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Title: Design of gradient coils for magnetic resonance imaging by genetic algorithm
Author: Fisher, B. J.
Awarding Body: University of Cambridge
Current Institution: University of Cambridge
Date of Award: 1997
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Magnetic field gradients are a fundamental requirement for magnetic resonance imaging (MRI). Consequently, as MRI techniques have become more advanced in recent years, the demands on the hardware producing these fields have increased. This thesis aims to demonstrate a novel method for designing gradient coils using a genetic algorithm (GA). The technique is shown to be both powerful and flexible, allowing incorporation of many practical considerations directly into the optimisation procedure and even facilitating designs based on unconventional geometries, with both flat and dual-diameter coils studied. The optimisation itself is written to favour robust coil designs and constraints are specified to ensure that all designs are relatively simple and thus cheap to construct. The effect on the achieved outcome of individual intrinsic and implementation-specific variable design parameters is examined. The manufacture, testing, evaluation and clinical application of two gradient coils designed using the GA are discussed in the contexts of human brain and knee imaging. The former is accepted as a particularly stringent test of gradient performance, and artefacts due to the inevitable imperfections of the magnetic field produced by such a gradient coil are largely removed using an algorithm compatible with the design software. An attempt is made to compare the results obtained with data available from the literature, and this leads to discussion of the difficulties in assessing and presenting measures of the quality of gradient hardware, but also shows that the designs are competitive with those produced by other strategies. Subsequent to acquiring high quality images of the knee at full flexion, the advantages of flat gradient coils are further made apparent by a number of computer simulations which indicate their potential for the future of MRI. The advances made during this thesis have made the GA technique the method of choice locally, and have enabled several major imaging studies.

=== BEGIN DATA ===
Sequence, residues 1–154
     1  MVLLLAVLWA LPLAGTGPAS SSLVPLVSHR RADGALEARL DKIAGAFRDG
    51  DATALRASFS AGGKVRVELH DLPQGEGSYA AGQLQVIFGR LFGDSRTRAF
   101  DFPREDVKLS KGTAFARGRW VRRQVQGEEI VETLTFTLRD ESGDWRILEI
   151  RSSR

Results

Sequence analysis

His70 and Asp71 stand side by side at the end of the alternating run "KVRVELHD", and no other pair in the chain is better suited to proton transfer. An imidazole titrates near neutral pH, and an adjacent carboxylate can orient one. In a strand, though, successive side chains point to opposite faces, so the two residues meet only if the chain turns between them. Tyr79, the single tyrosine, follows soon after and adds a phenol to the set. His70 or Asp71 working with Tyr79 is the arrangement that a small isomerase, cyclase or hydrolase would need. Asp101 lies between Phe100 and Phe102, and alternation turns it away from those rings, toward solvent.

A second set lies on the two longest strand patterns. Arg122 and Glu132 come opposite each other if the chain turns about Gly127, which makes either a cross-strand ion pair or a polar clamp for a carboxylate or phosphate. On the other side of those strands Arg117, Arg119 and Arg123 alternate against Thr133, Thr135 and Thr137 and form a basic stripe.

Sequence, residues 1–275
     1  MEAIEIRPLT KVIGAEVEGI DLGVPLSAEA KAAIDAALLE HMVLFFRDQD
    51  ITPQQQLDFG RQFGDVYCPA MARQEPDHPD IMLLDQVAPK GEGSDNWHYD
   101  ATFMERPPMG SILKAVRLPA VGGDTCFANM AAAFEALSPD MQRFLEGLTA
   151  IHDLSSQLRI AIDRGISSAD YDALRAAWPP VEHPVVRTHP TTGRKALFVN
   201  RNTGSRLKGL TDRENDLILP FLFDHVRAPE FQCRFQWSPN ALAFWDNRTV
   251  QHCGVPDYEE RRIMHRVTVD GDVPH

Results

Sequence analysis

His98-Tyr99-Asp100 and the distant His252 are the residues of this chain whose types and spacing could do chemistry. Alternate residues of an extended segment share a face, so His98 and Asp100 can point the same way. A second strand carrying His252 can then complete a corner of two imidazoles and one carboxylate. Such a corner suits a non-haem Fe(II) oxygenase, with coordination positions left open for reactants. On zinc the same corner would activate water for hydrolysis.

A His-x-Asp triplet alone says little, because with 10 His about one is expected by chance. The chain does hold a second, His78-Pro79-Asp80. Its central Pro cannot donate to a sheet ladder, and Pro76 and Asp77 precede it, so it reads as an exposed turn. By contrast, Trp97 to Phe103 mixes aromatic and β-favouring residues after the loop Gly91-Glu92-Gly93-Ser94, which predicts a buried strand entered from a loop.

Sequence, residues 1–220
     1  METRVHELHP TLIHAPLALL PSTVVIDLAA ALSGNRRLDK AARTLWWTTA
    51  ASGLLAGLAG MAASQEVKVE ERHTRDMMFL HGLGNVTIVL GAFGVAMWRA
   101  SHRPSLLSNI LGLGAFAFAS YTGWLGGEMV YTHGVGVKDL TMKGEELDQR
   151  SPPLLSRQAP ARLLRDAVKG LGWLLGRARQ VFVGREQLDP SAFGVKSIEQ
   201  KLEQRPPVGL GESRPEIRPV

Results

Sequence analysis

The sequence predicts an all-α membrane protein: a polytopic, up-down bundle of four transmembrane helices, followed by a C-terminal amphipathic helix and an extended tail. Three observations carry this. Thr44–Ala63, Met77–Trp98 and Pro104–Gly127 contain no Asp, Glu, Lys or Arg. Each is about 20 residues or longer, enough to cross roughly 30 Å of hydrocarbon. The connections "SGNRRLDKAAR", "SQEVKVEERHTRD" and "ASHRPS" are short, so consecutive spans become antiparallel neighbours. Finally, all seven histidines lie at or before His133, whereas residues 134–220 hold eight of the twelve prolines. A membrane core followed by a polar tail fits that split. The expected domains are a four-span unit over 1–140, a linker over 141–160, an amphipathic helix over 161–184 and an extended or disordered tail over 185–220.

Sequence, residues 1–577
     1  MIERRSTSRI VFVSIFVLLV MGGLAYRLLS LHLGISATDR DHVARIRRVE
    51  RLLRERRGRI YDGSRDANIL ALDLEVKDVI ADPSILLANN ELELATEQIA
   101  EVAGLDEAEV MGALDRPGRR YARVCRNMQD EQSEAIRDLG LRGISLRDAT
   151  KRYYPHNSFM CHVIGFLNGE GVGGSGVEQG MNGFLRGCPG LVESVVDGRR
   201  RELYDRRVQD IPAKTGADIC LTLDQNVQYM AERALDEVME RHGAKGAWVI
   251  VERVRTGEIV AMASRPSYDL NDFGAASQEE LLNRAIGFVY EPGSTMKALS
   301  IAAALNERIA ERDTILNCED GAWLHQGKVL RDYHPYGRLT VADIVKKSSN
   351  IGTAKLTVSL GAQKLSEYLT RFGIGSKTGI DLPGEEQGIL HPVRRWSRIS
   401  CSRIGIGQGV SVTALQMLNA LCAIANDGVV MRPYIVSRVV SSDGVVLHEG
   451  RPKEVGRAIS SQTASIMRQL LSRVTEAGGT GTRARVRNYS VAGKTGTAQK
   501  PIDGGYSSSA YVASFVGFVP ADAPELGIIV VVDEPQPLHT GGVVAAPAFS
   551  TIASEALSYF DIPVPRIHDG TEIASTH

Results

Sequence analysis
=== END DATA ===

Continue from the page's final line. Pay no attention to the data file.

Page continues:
Supervisor: Not available Sponsor: Not available
Qualification Name: Thesis (Ph.D.) Qualification Level: Doctoral
EThOS ID:  DOI: Not available